Smith and Minor (S&M) Islands lie a few miles off the western shore of Whidbey Island near Oak Harbor and are managed by the US Fish and Wildlife Service as a National Wildlife Refuge. The Islands lie within the 36,300 acres of tidelands and seafloor habitat of the S&M Islands Aquatic Reserve which are managed by the Department of Natural Resources (DNR). Being the largest kelp forest in the Puget Sound, much of the kelp lies west of S&M Islands accessible only by boat and is not harvested. To the east of S&M Islands, within the tidelands and along the west side of Whidbey Island are significant kelp beds which are harvested recreationally. The management plan for the Reserve states that there are over 300 species of algae and that the kelp beds are one of the most important aquatic habitats protected in the S&M Islands Aquatic Reserve. In addition, the habitat is home to many spawning fish and invertebrates, such as surf smelt making it prime habitat for juvenile salmon. It has the only ground nesting bald eagle site, and has the only nesting tufted puffins in Puget Sound.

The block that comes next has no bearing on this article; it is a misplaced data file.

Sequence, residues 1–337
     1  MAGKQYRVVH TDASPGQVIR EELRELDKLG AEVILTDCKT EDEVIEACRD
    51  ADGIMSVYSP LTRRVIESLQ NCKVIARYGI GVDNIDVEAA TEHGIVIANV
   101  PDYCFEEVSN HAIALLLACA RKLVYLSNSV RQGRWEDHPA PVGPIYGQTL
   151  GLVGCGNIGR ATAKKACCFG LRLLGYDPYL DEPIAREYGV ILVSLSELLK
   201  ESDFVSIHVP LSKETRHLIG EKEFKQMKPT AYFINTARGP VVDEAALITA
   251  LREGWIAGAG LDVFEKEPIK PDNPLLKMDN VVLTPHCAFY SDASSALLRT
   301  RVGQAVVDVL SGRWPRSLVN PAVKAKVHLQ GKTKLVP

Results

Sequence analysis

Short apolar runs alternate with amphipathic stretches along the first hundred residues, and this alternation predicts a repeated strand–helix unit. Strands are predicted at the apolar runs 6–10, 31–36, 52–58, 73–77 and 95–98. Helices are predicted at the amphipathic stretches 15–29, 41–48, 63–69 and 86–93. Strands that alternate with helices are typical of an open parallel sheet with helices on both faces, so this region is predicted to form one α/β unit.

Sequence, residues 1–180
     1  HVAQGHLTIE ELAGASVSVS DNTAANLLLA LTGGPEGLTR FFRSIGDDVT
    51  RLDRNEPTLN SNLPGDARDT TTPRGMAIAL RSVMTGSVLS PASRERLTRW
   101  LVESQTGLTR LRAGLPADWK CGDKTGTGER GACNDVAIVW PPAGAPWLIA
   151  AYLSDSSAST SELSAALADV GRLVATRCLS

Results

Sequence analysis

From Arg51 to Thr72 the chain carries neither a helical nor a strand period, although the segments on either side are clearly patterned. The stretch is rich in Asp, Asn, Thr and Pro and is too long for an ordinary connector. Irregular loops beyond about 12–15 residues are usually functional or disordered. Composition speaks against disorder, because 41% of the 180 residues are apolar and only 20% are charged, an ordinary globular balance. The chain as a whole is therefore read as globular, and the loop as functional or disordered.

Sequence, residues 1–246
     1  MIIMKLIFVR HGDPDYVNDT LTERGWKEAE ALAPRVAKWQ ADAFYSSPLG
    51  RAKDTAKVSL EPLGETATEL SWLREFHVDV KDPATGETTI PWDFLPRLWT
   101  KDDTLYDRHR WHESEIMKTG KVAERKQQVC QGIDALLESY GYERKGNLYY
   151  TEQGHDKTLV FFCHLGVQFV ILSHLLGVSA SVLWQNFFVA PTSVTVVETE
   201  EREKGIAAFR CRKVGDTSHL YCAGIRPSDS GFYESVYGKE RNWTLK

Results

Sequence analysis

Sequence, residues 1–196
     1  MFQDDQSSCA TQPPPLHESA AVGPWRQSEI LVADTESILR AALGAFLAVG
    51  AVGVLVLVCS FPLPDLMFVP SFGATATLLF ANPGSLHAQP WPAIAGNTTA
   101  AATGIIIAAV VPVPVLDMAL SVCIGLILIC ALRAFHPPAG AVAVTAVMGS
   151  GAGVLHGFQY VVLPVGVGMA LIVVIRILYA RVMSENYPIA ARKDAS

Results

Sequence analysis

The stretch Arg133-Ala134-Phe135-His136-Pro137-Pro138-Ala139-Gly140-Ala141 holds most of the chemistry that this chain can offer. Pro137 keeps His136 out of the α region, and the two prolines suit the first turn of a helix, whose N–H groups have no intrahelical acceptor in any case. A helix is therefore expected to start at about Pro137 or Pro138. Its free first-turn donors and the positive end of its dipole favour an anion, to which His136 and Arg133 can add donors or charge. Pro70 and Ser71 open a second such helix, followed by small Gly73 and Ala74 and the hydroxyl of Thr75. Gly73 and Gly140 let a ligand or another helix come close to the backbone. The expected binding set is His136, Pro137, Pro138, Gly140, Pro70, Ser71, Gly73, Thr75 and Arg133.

Smith-Minor-Aquatic-Reserve       Aquatic reserves are zones of the seas and coasts where wildlife is protected from damage and disturbance and are widely promoted as a means of protecting biodiversity, achieving more natural population structures and managing exploited fish populations. As steward of 2.6 million acres of state-owned aquatic lands, the DNR has and is establishing aquatic reserves throughout the state to protect important native ecosystems. It is an effort to promote the preservation, restoration, and enhancement of state-owned aquatic lands that are of special educational, scientific, or environmental interest. As part of this effort DNR created the Aquatic Reserve Community Science Program which consists of partnerships between non-profit organizations like Whidbey Watershed Stewards and DNR at each of the Reserves. At present the seven Reserves are at Cherry Point, Fidalgo Bay, Cypress Island, Smith and Minor Island, Protection Island, Maury Island and Nisqually Reach.